Step 5: Paint

Don't use a spray paint, it melts the foam. I simply went to the hardware store and either look in the OOPS paint section or just buy a gallon of black latex paint. The paint goes on very easy, and I used an acrylic white paint and a stencil for the cannon's name. This one was obviously stolen from a French Galleon.

Your now authentic pirate cannon can be accessorized by adding a pirate. 

This process does make quite a sturdy piece. The cannon below survived being passed around 80 other pirates on a pub crawl.

Anybody try a hot knife to trim to shape? If so, did it work?
I'd like to know this too, so hopefully someone will let me know if I can justify to the wife to buy a hot knife. I also remember seeing somewhere on hoe to make your own too.
I think that's been done but can't remember where. I saw someone lathe giant easter eggs once though and roughcutting it with a sawblade.
I think that's been done but can't remember where. I saw someone lathe giant easter eggs once though and roughcutting it with a sawblade.
<p> I have no intention of &ldquo;dissing&rdquo; this ible as it's very good, so please, no one explode all over me about this.<br> <br> However... I would have approached the project differently to reduce the amount of care and accuracy required in the removal of excess material<br> <br> I would have made a half-section full scale drawing of the profile of the cannon, and used that to determine the diameter of each foam section [just like bulkheads, or &quot;stations&quot; as in building boats, ships, and aircraft.<br> <br> It then would have been very easy to cut the center hole [barrel bore] and the perfectly round outer profile of EACH section on an ordinary &quot;jigsaw.&quot; With some of calculation and some &ldquo;trial and error&rdquo; cutting, EVEN the TAPER of each section could be matched!<br> <br> After that, glue the sections together, which by being of a smaller size will require much less adhesive.<br> <br> With the only slight difference in the diameter of each section, the &quot;tapering&quot; of the sections into the smooth barrel shape would have required the removal of very little material. This could be done by hand and &quot;rotating&quot; the work piece as was done in this ible, or alternatively if there were a lot of material to be removed...<br> <br> Then I would use scrap lumber to make a &quot;bed&quot; for a simple lathe with vertical end planks, in one of which I would mount a variable speed drill motor, and make an adaptor [expandable rubber-like foam &quot;plug&quot;] to couple the drill motor to the 'business&quot; end [hole in it] of the barrel, and a dead center for the tail end.<br> <br> Then with the &quot;cannon&quot; barrel slowly but steadily rotating I would use a wood rasp, or a body repair &quot;cheese grater&quot; rasp to &quot;turn&quot; and smooth the cannon. IF there were very little material to be removed, this could be accomplished with nothing more than a couple of grades of sandpaper.<br> <br> &quot;Turning&quot; a square cross section blank can be VERY difficult, BUT IF each of the sections is already round, and the bore hole already there, the only &quot;forming&quot; required would be to blend / &quot;taper&quot; the separate sections into each other.<br> <br> Again, this is NOT a negative comment on this excellently accomplished project, just a suggestion for another means of doing it.<br> &nbsp;</p>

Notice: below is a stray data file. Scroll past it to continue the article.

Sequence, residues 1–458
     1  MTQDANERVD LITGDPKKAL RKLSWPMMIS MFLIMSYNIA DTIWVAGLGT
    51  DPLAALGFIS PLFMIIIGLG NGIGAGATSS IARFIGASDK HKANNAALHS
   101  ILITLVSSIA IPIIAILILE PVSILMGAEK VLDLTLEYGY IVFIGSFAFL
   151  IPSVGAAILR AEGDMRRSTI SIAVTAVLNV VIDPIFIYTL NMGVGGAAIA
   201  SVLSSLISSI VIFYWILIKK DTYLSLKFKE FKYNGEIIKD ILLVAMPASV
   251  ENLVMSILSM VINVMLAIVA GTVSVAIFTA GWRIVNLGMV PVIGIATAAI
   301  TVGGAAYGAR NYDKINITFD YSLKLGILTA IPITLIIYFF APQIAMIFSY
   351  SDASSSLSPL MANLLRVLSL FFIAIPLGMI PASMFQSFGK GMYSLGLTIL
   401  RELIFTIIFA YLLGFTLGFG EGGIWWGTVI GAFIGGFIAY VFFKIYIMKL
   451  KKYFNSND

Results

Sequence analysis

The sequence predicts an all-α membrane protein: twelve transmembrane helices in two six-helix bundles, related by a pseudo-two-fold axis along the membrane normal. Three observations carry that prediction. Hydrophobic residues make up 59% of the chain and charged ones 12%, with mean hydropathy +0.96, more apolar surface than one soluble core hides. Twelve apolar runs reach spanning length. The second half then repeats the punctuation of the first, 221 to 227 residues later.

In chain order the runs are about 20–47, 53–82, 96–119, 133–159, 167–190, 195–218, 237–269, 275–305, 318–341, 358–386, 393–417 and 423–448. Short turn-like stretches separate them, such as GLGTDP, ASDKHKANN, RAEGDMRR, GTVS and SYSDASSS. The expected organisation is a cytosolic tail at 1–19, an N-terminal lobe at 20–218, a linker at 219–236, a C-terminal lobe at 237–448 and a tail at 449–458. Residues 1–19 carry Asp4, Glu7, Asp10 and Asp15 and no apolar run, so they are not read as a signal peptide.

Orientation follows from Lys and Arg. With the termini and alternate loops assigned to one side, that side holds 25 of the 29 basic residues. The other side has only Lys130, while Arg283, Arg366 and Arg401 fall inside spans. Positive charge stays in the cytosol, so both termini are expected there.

see this instructable <br>http://www.instructables.com/id/Pirate-Cannon---A-working-replica-of-a-naval-canno/ <br> <br>
Why you no good sonofa!!!<br><br>Just joking of course, great suggestions! That's why put this thing up on this website, I want to learn from everyone. Your solution may work, but for me, I like taking as many shortcuts as I can, and would not have the patience for that! If I were to make another more realistic looking canon, I would probably have to go your way on it.<br><br>If I were to do this again (in a non realistic way, since it would be for a pub crawl) , I think I would do a hybrid approach, like you said, I would at least make some attempt at a template. That would save on gluing and all the mess I had made. BUT, if an electric knife works like I've heard, I might still just glue it all and carve up the sucker too.<br><br>Thanks for your tips!
Or you could get some really large PVC or a concrete mold tube, build up papermache and seal it with marine grade varnish. Light, low cost and a lot easier than lathe work and will last for a couple of years of Trick or Treat or Pirate raids.
you need a giant lathe lol.<br>
You know, I was really thinking of that! Was going to use a broom handle on a power drill. Maybe someone else will post something!
Reminded me of this. http://www.youtube.com/watch?v=hMkLk2t8Qlo&amp;feature=channel_video_title
Arrrrrrrr!. Actually th best tool to cut ye foam is me dear grandmamma's electric kitchen<strike> scimitar</strike> knife. &nbsp;You might want to put two stubby pegs(don't mention pegs) on the sides so you can mount the cannon on a rolling wood base.
Blustering barnacles! Good idea! Now where ta get one is thar challenge!

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